Both long and short papers following ACL guidelines are eligible for submission. Long paper submissions should follow the two-column format of ACL 2014 proceedings without exceeding eight (8) pages of content plus two extra pages for references. Short paper submissions should also follow the two-column format of ACL 2014 proceedings, and should not exceed four (4) pages plus at most 2 pages for references. We strongly recommend the use of ACL LaTeX style files or Microsoft Word style files tailored for this year’s conference. Submissions must conform to the official style guidelines, which are contained in the style files, and they must be in PDF. Submission should be done via the START Conference Manager at https://www.softconf.com/acl2014/ComputEL.
This workshop is being supported by U.S. National Science Foundation Award no. 1404352. Through this award, and related sources, funding may be available for those with accepted papers to attend the workshop, especially students. Please contact Jeff Good (jcgood [at] buffalo [dot] edu) for further information.
18 November 2013: First Call for Workshop Papers
9 February 2014: Second Call for Workshop Papers
21 March 2014: Workshop Paper Due Date (DEADLINE EXTENSION!)
11 April 2014: Notification of Acceptance
28 April 2014: Camera-ready papers due
26 or 27 June 2014: Workshop Dates
Jeff Good, University at Buffalo (jcgood [at] buffalo [dot] edu)
Julia Hirschberg, Columbia University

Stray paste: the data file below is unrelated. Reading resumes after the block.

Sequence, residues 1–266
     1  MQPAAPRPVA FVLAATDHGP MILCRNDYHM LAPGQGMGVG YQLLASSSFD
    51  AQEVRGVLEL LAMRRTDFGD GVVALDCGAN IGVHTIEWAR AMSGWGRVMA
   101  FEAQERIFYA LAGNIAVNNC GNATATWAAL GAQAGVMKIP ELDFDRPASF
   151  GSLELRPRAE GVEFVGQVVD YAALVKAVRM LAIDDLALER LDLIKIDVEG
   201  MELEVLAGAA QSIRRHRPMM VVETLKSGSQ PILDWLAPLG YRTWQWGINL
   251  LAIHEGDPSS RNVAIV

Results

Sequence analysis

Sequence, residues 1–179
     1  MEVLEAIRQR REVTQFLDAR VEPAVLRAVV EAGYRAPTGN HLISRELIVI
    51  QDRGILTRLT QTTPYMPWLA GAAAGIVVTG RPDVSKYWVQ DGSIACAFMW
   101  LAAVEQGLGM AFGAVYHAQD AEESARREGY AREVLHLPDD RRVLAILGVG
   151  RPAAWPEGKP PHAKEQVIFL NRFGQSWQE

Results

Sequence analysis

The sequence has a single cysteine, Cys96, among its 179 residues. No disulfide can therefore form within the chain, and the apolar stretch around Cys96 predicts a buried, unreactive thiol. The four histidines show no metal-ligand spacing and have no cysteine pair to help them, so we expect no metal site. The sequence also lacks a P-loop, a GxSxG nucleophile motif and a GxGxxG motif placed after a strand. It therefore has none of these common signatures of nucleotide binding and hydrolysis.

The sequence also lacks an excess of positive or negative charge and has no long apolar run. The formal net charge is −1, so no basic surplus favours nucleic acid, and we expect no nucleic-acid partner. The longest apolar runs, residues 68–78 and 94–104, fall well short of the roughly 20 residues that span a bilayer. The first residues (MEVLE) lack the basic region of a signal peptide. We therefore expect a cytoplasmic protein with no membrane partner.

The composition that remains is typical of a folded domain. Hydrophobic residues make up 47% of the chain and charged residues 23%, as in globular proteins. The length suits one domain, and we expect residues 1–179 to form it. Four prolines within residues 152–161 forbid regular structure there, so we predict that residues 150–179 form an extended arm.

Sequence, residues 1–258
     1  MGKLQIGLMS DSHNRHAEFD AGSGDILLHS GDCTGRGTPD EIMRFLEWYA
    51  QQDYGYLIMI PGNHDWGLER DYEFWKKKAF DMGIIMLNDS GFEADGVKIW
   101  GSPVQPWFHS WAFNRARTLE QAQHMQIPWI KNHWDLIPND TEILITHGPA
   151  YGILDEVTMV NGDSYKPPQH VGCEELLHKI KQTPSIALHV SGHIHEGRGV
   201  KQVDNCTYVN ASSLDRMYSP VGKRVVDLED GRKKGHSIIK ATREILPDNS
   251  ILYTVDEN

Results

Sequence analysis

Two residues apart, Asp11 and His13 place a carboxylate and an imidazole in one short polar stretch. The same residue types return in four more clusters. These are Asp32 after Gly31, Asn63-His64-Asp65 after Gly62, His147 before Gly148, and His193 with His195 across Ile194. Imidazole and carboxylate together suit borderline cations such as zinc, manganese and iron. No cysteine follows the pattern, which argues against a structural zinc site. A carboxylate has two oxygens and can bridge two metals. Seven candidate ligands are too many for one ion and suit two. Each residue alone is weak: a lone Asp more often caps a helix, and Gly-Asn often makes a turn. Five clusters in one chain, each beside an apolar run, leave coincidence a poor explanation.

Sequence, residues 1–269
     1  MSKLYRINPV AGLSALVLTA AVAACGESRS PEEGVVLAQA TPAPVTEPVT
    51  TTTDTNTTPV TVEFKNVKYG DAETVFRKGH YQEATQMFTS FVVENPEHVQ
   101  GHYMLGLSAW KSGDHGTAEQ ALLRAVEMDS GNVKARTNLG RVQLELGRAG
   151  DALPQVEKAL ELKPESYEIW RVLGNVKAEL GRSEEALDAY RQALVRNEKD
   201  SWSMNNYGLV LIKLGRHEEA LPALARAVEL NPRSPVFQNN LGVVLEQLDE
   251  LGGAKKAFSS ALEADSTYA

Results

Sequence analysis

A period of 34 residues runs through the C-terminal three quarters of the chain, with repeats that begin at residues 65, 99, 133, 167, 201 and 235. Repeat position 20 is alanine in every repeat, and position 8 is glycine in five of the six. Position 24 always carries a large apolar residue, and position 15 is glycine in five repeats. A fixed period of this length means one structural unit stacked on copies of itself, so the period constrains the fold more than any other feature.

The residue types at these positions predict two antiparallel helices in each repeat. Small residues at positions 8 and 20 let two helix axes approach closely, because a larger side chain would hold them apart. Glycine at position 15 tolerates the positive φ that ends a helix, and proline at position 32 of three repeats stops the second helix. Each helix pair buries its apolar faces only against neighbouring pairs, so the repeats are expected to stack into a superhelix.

Owen Rambow, Columbia University
Steven Abney, University of Michigan
Helen Aristar-Dry, LINGUIST List
Alexandre Arkhipov, Moscow State University
Tim Baldwin, University of Melbourne
Dorothee Beermann, Norwegian University of Science and Technology
Emily M. Bender, University of Washington
Andrea Berez, University of Hawaii
Steven Bird, University of Melbourne
Damir Cavar, Eastern Michigan University
Guy De Pauw, University of Antwerp
Sebastian Drude, Max Planck Institute for Psycholinguistics
Harald Hammarström, Max Planck Institute for Psycholinguistics
Judith Klavans, University of Maryland
Terry Langendoen, University of Arizona
Lori Levin, Carnegie Mellon University
Will Lewis, Microsoft
Mark Liberman, University of Pennsylvania
Worthy Martin, University of Virginia
Mike Maxwell, Center for the Advanced Study of Language
Steven Moran, University of Zurich
Alexander Nakhimovsky, Colgate University
Sebastian Nordhoff, Max Plank Institute for Evolutionary Anthropology
Alexis Palmer, Saarland University
Kevin Scannell, Saint Louis University
Gary Simons, SIL International
Nick Thieberger, University of Melbourne
Paul Trilsbeek, Max Planck Institute for Psycholinguistics
Doug Whalen, CUNY Graduate Center
Menzo Windhouwer, Max Planck Institute for Psycholinguistics
Fei Xia, University of Washington
2nd CfP: CCURL 2014: Collaboration and Computing for Under-Resourced Languages in the Linked Open Data EraSubmitted by Guy on Thu, 2014-01-16 15:56
26 May 2014, in conjunction with LREC 2014, Reykjavík, Iceland
Submission deadline: 6 February 2014 (all dates below)
The LREC Workshop “CCURL 2014: Collaboration and Computing for Under-Resourced Languages in the Linked Open Data Era” will be held on 26 May 2014, at LREC 2014 (Reykjavík, Iceland).
Under-resourced languages suffer from a chronic lack of available resources (human-, financial-, time- and data-wise), and of the fragmentation of efforts in resource development. This often leads to small resources only usable for limited purposes or developed in isolation without much connection with other resources and initiatives. The benefits of reusability, accessibility and data sustainability are, more often than not, out of the reach of such languages.